Cebu News

Few traditional PUJs return to city's streets

Sanden J. Anadia - The Freeman

CEBU, Philippines —  Over a thousand traditional public utility jeepneys (TPUJs) have returned to operations in the streets of Cebu City since the Balik Pasada Program was launched in October last year.

 Councilor James Cuenco, chairman of the program, said that several TPUJ units did not pass the roadworthiness test while other operators have already shifted to modernized jeepney units.

  Cuenco said that since the Balik Pasada Program started, 1,420 TPUJ units were granted a permit to operate.

“Sa pagkakaron dili pa gyud igo ang gidaghanon kay makita man nato nga daghan pa gyud ang mga pasahero nga maglisod og sakay,” Cuenco said.

Cebu City used to have at least 5,000 traditional PUJs plying the streets before the pandemic.

Cuenco said they are still processing applications for the Balik Pasada Program until now. According to him, they will allow more TPUJs to operate provided that the units will pass the screening.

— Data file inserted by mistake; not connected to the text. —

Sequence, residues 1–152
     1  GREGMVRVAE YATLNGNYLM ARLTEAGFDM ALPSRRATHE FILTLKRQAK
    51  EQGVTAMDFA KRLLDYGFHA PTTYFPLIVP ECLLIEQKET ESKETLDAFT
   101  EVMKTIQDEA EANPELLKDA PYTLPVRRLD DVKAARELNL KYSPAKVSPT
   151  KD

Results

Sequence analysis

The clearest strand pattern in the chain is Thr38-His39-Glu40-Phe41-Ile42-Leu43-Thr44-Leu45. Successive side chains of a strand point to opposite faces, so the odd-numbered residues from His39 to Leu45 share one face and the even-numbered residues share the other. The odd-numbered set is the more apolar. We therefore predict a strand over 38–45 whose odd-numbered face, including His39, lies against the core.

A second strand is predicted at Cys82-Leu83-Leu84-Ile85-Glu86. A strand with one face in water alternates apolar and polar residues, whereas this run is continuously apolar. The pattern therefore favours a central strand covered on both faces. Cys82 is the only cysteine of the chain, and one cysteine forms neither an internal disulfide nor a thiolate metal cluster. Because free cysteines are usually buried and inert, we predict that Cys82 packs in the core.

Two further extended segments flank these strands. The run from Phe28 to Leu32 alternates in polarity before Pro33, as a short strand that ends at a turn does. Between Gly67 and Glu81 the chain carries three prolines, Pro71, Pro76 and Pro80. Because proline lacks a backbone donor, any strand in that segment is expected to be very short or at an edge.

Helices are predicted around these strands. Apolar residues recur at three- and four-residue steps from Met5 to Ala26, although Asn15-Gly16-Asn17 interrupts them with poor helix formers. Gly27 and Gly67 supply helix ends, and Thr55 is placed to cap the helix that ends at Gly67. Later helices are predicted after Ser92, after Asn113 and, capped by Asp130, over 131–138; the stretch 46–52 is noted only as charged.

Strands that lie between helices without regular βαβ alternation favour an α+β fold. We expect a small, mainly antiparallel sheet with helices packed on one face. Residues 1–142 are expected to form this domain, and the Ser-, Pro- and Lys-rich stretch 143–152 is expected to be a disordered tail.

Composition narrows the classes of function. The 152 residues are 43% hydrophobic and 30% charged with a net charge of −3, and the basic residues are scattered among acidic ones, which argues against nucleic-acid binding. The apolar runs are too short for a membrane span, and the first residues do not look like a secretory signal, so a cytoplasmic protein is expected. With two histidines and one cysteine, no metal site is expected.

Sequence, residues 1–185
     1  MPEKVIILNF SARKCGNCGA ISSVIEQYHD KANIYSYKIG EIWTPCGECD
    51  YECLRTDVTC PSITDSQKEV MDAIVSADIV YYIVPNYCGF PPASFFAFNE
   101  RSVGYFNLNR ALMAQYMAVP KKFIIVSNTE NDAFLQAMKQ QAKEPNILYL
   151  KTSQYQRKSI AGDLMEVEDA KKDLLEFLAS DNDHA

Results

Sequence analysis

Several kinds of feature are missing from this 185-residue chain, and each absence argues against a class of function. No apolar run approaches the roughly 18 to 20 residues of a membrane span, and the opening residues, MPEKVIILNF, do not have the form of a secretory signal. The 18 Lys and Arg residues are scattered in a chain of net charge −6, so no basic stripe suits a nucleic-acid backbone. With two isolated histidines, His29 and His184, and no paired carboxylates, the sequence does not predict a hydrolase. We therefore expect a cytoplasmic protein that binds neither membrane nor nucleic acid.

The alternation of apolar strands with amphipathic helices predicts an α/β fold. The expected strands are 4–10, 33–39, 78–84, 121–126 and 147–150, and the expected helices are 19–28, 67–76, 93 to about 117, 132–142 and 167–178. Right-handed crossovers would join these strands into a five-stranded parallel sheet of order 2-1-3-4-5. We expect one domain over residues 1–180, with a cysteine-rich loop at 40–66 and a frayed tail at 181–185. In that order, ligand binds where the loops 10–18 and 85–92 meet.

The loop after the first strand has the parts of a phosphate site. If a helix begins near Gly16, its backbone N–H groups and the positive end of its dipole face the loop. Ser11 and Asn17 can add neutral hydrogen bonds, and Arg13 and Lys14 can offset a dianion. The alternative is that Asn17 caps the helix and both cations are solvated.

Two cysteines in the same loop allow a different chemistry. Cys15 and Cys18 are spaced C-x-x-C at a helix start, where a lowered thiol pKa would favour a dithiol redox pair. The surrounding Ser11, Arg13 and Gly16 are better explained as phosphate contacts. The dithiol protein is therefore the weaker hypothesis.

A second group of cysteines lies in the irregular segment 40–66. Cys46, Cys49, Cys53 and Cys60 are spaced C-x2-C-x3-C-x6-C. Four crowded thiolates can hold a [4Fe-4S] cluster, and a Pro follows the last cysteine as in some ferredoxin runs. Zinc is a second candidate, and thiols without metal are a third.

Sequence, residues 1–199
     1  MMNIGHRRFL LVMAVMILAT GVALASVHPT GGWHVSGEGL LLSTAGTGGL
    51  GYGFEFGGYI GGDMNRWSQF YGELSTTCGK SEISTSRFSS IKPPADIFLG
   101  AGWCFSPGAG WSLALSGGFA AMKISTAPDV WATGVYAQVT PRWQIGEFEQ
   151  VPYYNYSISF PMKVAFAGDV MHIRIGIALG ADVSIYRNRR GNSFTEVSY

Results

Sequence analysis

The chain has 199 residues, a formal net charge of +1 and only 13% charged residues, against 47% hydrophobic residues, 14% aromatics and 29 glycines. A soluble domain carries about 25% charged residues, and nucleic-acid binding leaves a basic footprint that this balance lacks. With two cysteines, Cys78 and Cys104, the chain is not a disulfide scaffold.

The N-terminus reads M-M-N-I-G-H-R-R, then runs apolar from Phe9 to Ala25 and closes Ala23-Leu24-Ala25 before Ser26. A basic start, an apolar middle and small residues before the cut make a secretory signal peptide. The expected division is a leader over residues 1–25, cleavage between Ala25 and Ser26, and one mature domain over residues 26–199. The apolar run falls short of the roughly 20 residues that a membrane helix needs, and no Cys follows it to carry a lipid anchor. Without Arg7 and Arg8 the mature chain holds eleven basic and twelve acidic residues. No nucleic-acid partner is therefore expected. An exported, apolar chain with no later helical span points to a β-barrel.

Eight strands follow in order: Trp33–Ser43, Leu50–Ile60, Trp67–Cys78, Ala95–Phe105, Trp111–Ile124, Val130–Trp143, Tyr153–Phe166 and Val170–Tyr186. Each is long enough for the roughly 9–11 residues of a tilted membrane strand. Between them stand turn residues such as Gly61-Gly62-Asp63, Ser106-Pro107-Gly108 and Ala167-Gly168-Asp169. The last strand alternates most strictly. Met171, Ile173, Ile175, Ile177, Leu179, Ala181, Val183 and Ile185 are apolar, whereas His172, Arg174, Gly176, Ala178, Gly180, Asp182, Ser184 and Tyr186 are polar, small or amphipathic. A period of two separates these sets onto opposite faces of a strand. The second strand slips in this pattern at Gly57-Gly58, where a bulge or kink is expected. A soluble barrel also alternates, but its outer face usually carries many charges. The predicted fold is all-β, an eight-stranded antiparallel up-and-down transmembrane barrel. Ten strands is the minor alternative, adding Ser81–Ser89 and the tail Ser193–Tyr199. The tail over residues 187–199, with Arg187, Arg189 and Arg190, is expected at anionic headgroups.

TPUJs are also required to have proper ventilation, disinfection after every trip, and maintain social distancing.

According to Cuenco, there were over 2,000 applications that were turned down because of roadworthiness issue.

“Kasagaran gyud sa mga karaan nga traditional PUJs  kay nangalata na kay dugay na nga wala kabiyahe,” he explained.

There were also delays in the processing of some applications due to quarantine restrictions. TPUJ drivers are required to complete a seminar before they are granted permit to operate.

To encourage more applicants, the city government has waived the required swab test for full vaccinated drivers. Cuenco encouraged all the PUJ drivers to get vaccinated against COVID-19. They may visit the drive-thru vaccination site for transportation sector located at the NOAH Complex at the South Road Properties (SRP).

Cuenco, who is the chairman of the public transportation committee of the City Council, said he is also open to increasing the minimum capacity of public utility vehicles, from 70% to 80%, depending on the recommendation of the Emergency Operations Center (EOC).

Drivers of traditional jeepneys have since cried for help after being jobless for more than a year now since the start of the COVID-19 pandemic. — FPL (FREEMAN)


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